SuperComputing 2009 – Problem Solving at its Finest

As I write this, I’m headed back up to Seattle on the Amtrak – not the fastest way to move between Portland and Seattle, but (IMHO) the one which provides the highest quality experience. No security, no lines and no restrictions during take-off and landing; virtually door-to-door service between downtown Portland and Seattle and none of the hassle of traffic. Next to someone who is crocheting, several are sleeping and the rest are simply enjoying the view and the comfort.

This experience is very analogous to an Isilon cluster (compared to the other clustered systems at SuperComputing) – not the fastest, not the one which offers the most do-it-yourself flexibility – but the one that will give you the highest quality experience in terms of TCO and simplicity.

As much as I would love to imagine about a simpler time for travel, I will instead look forward – and I think what I saw at SuperComputing represents the future. Not the technology so much as the new challenges the technology is being used to address.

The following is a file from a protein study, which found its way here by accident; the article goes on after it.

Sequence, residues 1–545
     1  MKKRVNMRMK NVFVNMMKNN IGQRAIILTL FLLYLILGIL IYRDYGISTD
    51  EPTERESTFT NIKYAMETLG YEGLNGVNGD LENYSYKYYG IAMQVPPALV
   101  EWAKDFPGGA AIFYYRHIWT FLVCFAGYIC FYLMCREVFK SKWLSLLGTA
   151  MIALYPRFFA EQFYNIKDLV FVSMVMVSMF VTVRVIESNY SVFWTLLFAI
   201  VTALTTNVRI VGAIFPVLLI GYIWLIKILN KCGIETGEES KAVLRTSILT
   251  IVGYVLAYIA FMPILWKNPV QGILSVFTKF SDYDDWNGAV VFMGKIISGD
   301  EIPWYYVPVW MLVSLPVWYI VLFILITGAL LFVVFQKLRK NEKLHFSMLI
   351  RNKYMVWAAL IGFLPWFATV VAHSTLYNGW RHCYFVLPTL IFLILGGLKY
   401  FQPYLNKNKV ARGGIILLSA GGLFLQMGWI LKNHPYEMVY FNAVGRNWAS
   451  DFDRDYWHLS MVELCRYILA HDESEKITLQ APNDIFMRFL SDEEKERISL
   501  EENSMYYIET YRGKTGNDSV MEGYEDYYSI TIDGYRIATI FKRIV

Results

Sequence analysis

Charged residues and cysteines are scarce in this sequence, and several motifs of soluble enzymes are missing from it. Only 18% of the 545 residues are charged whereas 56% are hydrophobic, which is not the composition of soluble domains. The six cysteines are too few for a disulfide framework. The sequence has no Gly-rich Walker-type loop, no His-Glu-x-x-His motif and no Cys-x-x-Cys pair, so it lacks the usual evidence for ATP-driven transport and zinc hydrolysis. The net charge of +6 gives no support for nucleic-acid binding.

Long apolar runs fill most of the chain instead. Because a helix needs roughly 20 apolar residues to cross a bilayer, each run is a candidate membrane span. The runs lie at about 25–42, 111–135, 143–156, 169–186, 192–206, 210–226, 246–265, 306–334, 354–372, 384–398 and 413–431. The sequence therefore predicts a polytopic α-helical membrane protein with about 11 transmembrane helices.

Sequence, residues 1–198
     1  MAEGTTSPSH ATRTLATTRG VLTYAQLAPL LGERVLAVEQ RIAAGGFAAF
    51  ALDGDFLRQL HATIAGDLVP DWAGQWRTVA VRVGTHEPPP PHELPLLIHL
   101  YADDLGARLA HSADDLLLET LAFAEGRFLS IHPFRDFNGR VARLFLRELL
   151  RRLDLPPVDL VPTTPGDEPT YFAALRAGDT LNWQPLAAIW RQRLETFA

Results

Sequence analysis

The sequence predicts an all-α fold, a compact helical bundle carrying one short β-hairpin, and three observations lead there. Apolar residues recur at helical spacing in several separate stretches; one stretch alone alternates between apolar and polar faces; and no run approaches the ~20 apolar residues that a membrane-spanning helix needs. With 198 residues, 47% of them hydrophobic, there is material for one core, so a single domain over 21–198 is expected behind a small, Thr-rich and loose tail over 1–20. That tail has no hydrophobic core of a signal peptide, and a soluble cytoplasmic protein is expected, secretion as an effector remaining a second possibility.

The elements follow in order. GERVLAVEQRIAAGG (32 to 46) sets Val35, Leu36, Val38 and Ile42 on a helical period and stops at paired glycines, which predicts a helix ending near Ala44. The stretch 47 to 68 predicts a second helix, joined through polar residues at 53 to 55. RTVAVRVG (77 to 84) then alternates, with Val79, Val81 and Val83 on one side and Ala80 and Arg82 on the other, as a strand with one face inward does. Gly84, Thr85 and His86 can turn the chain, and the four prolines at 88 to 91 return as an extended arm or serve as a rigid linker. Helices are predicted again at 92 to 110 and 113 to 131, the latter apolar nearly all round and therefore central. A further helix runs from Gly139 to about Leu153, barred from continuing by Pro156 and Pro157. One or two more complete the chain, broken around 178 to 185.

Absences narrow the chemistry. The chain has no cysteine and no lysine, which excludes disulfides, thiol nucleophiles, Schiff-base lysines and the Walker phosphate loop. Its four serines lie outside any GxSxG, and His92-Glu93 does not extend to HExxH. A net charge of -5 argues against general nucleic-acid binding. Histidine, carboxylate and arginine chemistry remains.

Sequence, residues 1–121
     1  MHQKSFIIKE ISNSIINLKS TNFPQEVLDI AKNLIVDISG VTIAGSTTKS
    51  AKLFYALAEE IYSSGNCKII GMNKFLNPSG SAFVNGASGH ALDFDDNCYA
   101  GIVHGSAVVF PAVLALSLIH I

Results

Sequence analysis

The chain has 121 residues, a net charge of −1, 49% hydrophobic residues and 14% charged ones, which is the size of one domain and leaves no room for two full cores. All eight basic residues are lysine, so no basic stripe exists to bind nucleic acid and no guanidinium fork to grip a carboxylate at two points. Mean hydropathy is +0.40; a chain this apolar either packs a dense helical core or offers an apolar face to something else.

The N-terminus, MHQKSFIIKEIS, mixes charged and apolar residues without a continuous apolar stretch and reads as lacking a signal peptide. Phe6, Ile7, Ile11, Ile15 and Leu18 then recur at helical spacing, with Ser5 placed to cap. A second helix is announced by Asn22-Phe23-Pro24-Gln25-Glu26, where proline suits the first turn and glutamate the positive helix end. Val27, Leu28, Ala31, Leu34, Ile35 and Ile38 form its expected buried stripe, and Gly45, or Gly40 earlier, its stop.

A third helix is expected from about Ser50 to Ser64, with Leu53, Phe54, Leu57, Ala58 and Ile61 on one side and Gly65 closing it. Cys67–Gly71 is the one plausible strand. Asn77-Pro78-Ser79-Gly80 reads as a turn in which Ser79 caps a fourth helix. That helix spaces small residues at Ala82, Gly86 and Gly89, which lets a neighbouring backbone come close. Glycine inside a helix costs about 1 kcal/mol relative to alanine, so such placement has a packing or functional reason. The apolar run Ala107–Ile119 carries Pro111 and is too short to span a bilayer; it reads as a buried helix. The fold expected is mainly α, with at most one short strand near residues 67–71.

Anyone who attended the show had an opportunity to see Al Gore’s keynote today (Thursday) and regardless of your stance on the particular issues he called attention to, I was definitely moved by the call to action. The power of the supercomputers in use today (which will double in 18-24 months, according to Moore’s law) is being directed at problems which are extremely relevant to comfort, society and the overall survival of our species.

Right across from the Isilon booth was Oak Ridge National Laboratory, home of the world’s fastest supercomputer at approximately 1.7 petaflops. That power is being used to use to improve the efficiency of ethanol fuels at the molecular level, to analyze and understand dark matter in the universe, to better understand climate change and its implications, etc. Down the aisle was a German institute ( focused on delivering computer-driven cars and kitty-corner to their booth was the Japanese Atomic Energy Agency focused on improving the use of nuclear energy.

Isilon clusters are not at any of these particular examples, but are in use at a wide variety of research institutions, including San Diego Supercomputer Center, the Broad Institute of MIT and Harvard and the J. Craig Venter Institute.

At the end of the day, knowing that I’m part (in a tiny way) of the critical research aimed at solving some of our society’s greatest challenges gives me a wonderful feeling of pride.

About the Author: Nick Kirsch